Goody Two Shoes was probably just the sort of person my stepmother wished me to be: the kind of person my cousin Hetty pretended to be when adults were around. “Hetty is actually more ‘Goody Two-Faced,’” I murmured to no one in particular, turning my mind to the puzzle of why Hetty was so mean to me now.
-A Buss from Lafayette © 2016 by Dorothea Jensen

Yup, old Goody was sweet, all right. If you want to read the original story (it’s very short), follow this link for two different versions. (I’m sure that Clara’s teacher read the one published in 1820, btw.)

Goody Two Shoes

Goody Two Shoes was originally published in 1765. The author was anonymous, but was rumored to be Oliver Goldsmith. The title came to be used to signify someone who was a “goody goody” – the type of child who not only ALWAYS behaved the right way, but also tattled on those others who did not.
Goody Two Shoes was  re-published many times over the years. Usually the illustrations were re-done to reflect current clothing fashions. Here’s what Margery Meanwell (AKA Goody Two Shoes) looked like at various times:




Tuesday, January 9, 2018

I'm not ignoring my elves, either!

So just before we took down our Christmas tree, I took the opportunity to make short videos of myself reading the opening of all four of my Izzy elf stories.

Here's the first one: Tizzy, the Christmas Shelf Elf.

I actually wrote this MANY years ago (1991 to be exact) and entitled it Elf on the Shelf. You may imagine my dismay when I decided to publish it more than twenty years later and discovered someone had nicked that title!

You may also imagine my dismay when someone bought this book thinking it was Elf on the Shelf and then wrote a scathing review claiming it was a “knock off” " of that story, and that he found the story "impossible to read."

Hmmm. How did I knock off something produced YEARS after I wrote this?

Can't please everyone.

Anyway, enjoy listening to the beginning of this "knocked off", "unreadable" story in verse!

(BTW, this is available as a paperback, e-book, and audiobook right here.)


In the Works: An Audiobook of A Buss From Lafayette

Sometimes a little kiss can change everything - especially a little kiss from a world-famous hero of the America Revolution!

The other day I started recording the audio version of my historical novel for young readers, A Buss From Lafayette! I decided to document this beginning  by simultaneously making a video version of what I was doing. It was so much fun that I think I might have the video camera running while I record the rest of it. I could then post the occasional video as I go along.

The only downside??? This means I:

1) can't wear my PJs during recording sessions,

2) I have to comb my hair early in the day

3) I have to put on make up every day (not something I enjoy doing but it is nice to have my features actually show up onscreen)

Hmmm. Can I manage to do this every morning??

We'll see.



Thursday, December 7, 2017

I Do So Enjoy Being Right (Once in Awhile)

In A Buss from Lafayette, I had a hard time deciding who Clara would guess the old veteran is in the following conversation:

Stamping my foot in frustration, I turned to see whose presence was interfering with the fulfillment of my plan. Among the familiar characters, I saw a tall, skinny stranger who looked to be nearly eighty years of age. He was wearing a rather moth-eaten old uniform of buff and blue. His pure white hair was also in a bygone style, long— if a bit sparse in front— and tied behind with a black ribbon. He held a black tricorne decorated with a black and white cockade. Even through my irritation, I could see that the most interesting thing about the stranger was not his antiquated clothes, his overly long hair, or his three-cornered hat with its leather flower, but his excitement. He was about the most animated person, especially of his age, that I had ever seen. I moved closer to the old gentleman. If I had to wait until he was done talking to get what I wanted from Mr. Towne, I might as well listen to what he had to say.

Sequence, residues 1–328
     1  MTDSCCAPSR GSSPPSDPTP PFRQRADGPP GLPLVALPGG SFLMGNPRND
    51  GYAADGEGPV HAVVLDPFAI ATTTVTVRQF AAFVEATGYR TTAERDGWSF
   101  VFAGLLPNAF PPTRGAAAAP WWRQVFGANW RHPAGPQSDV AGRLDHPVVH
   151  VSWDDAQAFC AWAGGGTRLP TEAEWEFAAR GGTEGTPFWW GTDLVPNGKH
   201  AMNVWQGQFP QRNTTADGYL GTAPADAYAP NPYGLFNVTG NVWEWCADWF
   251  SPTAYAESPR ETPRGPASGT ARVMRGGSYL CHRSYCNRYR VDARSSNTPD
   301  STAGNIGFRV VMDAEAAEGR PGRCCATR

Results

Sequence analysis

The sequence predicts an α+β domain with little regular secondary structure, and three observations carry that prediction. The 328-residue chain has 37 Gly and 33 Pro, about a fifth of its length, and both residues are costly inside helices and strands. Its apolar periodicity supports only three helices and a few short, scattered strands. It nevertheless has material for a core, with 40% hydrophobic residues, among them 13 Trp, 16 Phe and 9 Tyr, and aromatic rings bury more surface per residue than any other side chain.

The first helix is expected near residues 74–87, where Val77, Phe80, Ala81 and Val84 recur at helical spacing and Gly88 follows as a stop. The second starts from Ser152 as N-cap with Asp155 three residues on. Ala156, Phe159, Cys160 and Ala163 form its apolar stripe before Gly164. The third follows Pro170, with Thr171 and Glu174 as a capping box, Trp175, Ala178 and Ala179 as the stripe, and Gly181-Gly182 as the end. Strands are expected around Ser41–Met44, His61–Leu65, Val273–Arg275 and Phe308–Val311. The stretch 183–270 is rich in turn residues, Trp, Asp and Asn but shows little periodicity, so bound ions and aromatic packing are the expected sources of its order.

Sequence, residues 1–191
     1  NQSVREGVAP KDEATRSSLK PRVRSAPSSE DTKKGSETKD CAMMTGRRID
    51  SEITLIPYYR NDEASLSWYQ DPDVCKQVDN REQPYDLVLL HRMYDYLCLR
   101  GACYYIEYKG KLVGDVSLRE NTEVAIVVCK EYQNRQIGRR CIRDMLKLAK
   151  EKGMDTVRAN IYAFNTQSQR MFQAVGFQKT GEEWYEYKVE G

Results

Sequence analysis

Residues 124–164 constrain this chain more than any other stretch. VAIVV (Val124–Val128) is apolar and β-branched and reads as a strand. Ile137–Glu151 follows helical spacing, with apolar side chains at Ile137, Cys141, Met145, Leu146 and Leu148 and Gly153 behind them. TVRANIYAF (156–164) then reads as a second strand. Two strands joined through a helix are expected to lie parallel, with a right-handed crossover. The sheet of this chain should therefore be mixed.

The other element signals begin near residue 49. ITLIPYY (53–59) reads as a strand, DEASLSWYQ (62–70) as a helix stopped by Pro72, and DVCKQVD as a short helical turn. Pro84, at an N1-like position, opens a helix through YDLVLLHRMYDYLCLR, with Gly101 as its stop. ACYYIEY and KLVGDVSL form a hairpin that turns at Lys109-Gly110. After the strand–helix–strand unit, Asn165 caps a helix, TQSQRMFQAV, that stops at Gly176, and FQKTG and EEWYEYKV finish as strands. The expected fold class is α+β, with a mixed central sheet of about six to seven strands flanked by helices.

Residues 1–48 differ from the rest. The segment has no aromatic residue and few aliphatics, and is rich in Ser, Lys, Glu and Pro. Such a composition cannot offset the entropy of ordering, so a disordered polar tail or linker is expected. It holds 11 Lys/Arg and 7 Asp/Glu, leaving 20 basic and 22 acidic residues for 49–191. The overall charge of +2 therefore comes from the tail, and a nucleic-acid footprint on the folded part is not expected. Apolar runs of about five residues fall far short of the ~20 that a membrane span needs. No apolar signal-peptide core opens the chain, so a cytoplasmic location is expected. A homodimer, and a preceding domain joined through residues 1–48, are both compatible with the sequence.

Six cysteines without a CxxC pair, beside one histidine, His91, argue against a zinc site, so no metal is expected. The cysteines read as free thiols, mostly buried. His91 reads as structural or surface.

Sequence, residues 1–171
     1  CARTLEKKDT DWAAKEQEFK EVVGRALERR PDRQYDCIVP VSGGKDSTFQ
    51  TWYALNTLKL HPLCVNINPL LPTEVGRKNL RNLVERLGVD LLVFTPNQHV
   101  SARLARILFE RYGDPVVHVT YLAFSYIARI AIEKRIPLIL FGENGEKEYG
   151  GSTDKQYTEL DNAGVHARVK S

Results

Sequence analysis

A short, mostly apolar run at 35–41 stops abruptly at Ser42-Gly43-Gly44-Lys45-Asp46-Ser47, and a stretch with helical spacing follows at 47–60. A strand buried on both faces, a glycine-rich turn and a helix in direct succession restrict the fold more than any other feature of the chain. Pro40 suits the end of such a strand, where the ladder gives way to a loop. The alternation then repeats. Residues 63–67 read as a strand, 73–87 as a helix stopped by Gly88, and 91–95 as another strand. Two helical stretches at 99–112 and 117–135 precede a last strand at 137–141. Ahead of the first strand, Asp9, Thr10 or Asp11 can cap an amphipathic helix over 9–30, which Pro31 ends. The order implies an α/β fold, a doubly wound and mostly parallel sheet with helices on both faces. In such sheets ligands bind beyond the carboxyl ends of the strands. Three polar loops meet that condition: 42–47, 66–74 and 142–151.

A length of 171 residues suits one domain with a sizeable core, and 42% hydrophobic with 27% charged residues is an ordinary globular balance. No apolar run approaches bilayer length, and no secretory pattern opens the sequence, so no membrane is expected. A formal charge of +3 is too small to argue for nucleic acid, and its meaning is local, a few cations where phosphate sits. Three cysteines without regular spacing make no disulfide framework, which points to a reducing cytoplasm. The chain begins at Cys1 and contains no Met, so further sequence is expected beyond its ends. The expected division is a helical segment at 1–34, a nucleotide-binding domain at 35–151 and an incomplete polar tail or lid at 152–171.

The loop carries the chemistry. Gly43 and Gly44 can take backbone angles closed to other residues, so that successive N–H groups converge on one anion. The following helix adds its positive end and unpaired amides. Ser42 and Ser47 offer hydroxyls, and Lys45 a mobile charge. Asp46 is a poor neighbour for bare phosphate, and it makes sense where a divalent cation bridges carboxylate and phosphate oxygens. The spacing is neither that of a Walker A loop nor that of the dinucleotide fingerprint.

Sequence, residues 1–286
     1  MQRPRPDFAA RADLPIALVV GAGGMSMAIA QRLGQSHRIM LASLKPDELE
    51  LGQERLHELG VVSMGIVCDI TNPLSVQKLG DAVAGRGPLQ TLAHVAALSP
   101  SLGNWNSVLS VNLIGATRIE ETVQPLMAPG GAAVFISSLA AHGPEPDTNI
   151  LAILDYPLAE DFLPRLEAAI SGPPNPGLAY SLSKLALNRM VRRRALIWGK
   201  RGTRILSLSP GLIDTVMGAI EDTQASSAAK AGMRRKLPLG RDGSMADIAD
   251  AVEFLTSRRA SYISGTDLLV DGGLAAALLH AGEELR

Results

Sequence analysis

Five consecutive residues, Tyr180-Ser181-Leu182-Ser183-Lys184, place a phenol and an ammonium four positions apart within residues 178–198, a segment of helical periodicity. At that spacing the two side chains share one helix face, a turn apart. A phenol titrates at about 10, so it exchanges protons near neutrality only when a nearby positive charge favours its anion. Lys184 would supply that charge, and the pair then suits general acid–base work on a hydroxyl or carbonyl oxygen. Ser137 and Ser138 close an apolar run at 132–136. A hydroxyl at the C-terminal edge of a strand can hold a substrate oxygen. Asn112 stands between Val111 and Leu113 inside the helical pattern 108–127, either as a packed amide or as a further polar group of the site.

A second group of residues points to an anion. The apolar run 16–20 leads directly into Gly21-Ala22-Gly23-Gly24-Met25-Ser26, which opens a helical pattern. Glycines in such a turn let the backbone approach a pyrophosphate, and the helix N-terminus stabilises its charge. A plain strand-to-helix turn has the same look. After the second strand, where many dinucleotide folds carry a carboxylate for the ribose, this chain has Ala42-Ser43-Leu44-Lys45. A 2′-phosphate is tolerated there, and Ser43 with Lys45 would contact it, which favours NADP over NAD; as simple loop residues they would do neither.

“You will never guess who I was mistook for yesterday!” he exclaimed. His merry eyes looked at each of us listeners in turn. 

All of our guesses fell wide of the mark, from Mr. Towne’s boisterous, “President Adams?” to my softly spoken, “Old Father Christmas?” 

“No, t’was for the Nation’s Guest!” the stranger declared, slapping his thigh. “

What? Someone thought you to be Lafayette? Are you jesting?” Mr. Towne spluttered. 

The stranger went off into gales of laughter. “I am telling you the truth of it: folks in the hundreds— nay, the thousands— thought me to be Lafayette himself!”

 - A Buss from Lafayette © 2016 by Dorothea Jensen

The reason for my difficulty? I couldn't decide what Clara would call Santa Claus. I explained this in a "Insight" I wrote last year:

I had trouble deciding what Clara's guess about the old veteran's mistaken identity should be. Clement Moore's poem, "A Visit from Saint Nicholas" (sometimes called "'Twas the Night Before Christmas") was actually published in 1823, two years before the time of my story. This verse, with its Dutch Sinter Klaas inspiration, eventually had a huge impact on the American concept of Santa, but I figured it might not have been widely known in 1825. Therefore I just called the jolly old elf "Old Father Christmas", an earlier English tradition. (Even though I am so fond of Moore's poem that I model all my Izzy Elf stories on it, anapestic tetrameter and all.)

Anyway, you may imagine my delight in coming across this Christmas celebration at Old Sturbridge Village, which depicts Clara's era (more or less). Please note the reference to Father Christmas in the last line, followed by a picture of this historic version of Santa. As OSV scrupulously strives for historical accuracy, I'm taking this to mean I was correct in my decision to use this term in A Buss from Lafayette. Woo hoo.

 All I can say is THANK YOU, Old Sturbridge Village!

Buy links for A Buss from Lafayette can be found up above on the right side of this page!